lovingreaderKJ More than 1 year ago
To GPA and Anonymous - you hit the nail right on the head!! Nancy Isenberg's work is that of a groupie. She seems to think all of the other historians who wrote unflattering or negative works about Burr were knotheads, that a cabal of them were out to get him just because he was a liberal. It seems that no historical person of that period - Washington, Hamilton, Jefferson, Madison, among others - were the mental or political equals of Burr. I can't begin to list my problems with this work. Suffice to say that I'm 63 and have been reading and studing history for almost 50 years and this is the most biased work I have ever read!
GPA More than 1 year ago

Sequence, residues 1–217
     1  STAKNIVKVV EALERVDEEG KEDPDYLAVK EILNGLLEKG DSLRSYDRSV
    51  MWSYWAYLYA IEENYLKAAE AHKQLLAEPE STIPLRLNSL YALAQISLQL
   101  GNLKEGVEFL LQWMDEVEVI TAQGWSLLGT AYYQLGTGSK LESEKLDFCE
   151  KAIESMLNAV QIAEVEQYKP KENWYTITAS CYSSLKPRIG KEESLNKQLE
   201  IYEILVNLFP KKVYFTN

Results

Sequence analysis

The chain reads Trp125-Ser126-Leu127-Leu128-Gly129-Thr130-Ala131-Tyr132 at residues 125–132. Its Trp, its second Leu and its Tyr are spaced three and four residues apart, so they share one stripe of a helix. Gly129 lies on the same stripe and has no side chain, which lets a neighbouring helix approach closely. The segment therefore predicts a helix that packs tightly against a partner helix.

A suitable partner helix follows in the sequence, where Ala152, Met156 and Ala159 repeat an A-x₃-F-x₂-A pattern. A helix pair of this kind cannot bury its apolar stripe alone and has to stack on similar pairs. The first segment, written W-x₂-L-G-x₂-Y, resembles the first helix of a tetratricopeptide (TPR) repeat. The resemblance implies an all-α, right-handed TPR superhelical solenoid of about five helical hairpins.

It is amazing to me that the resurrection of this mysterious political figure exists entirely on the destruction of other historical characters. Isenberg relied primarily on destroying, discrediting and debauching the excellence of established forefathers so as to make room for the political basket case, Aaron Burr. Such an analysis included deliberately manipulative rhetoric aimed at promoting a vision of the "Fallen Father" that seems to have been entirely devoid of merit and deduced solely through the prodigious conjurings of an imaginative mind. I have always been fascinated with Aaron Burr, ever since I first read of him in my high school history class (a V.P. who shot a guy & tried a Coup d'état?!), but to be quite frank, this book completely discouraged my intrigue and former admiration. Aaron Burr's character is one best left to the whims of those whose imaginations care to dwell on his subject. He is a person best left in the shadows of doubt, and it is by this "shadow" that he has managed to keep somewhat in the historical consciousness. Due to Ms. Isenberg's manipulated, half-thorough attempt at clearing his image, she has done a tremendous disservice to Aaron Burr's lasting memory by exposing (less than well), the lack of brilliancy we all fancied might have existed behind Burr's veil of secrecy. As a final testament to Burr's mediocrity, Nancy Isenberg wrote a mediocre book, filled with mediocre fact-finding and mediocre self-control against an obvious tendency to favor her subject. Ron Chernow's 'Hamilton' is an exquisite biography/history, and Isenberg would do well to take notes from it. Chernow, though slightly sympathetic towards Hamilton, presents portrait of a man full of Juxtapositions, Hypocrisy and absolute brilliance. At times it seems as if Isenberg read Chernow's book, quoted the same passages (to decidedly different conclusions), and simply said the opposite of every word that Chernow (or any Hamilton, etc. biographer) might have said, then touted Aaron Burr's tremendous contributions as pinnacled in raising a well educated woman. Though absolutely noble, though in possession of uncommon intellect, Isenberg's Burr fails to convince me that The "Fallen Founder" deserves merit because he might have been great. HIs inability to cope with the tremendous pressures of political limelight successfully, his inability to accomplish all that Hamilton accomplished, organize as Jefferson organized, or think as Madison thought, render him valueless historically, and Isenberg absolutely failed to provide him any worth. If you want a phenomenal read with some of the greatest research I have ever seen in a biographical history, go read Ron Chernow's "Alexander Hamilton"